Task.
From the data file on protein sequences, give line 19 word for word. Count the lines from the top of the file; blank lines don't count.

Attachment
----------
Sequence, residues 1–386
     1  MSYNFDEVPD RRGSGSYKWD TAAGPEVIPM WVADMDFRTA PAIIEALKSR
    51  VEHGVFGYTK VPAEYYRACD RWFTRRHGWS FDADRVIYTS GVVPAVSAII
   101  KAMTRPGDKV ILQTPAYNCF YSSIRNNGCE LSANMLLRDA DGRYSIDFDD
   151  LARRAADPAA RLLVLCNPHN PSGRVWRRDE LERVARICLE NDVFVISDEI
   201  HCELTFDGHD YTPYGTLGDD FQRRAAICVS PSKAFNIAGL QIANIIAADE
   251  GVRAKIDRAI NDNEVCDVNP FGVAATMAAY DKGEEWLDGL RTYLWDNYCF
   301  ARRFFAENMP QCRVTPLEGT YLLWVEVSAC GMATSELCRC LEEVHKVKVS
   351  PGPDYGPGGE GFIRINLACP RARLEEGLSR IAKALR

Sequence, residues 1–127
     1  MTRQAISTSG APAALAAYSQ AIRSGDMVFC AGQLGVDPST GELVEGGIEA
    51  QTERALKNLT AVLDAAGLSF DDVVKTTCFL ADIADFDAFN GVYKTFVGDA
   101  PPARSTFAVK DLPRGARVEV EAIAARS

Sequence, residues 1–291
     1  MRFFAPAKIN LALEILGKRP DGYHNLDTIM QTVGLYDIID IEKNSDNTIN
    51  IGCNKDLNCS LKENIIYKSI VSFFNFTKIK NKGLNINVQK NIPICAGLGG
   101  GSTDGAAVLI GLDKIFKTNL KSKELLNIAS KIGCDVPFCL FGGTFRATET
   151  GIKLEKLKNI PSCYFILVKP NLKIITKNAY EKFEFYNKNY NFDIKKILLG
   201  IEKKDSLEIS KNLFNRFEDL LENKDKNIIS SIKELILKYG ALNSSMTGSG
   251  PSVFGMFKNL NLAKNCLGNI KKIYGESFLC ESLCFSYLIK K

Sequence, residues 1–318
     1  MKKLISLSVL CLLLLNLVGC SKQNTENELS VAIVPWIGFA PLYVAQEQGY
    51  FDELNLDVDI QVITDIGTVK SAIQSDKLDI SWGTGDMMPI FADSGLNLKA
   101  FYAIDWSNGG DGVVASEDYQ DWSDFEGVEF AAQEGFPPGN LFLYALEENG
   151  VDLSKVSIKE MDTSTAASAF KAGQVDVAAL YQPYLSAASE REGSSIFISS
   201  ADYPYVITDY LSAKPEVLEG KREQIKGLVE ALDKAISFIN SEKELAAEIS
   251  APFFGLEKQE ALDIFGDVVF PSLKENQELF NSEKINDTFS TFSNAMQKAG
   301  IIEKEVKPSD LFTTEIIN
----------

   201  IEKKDSLEIS KNLFNRFEDL LENKDKNIIS SIKELILKYG ALNSSMTGSG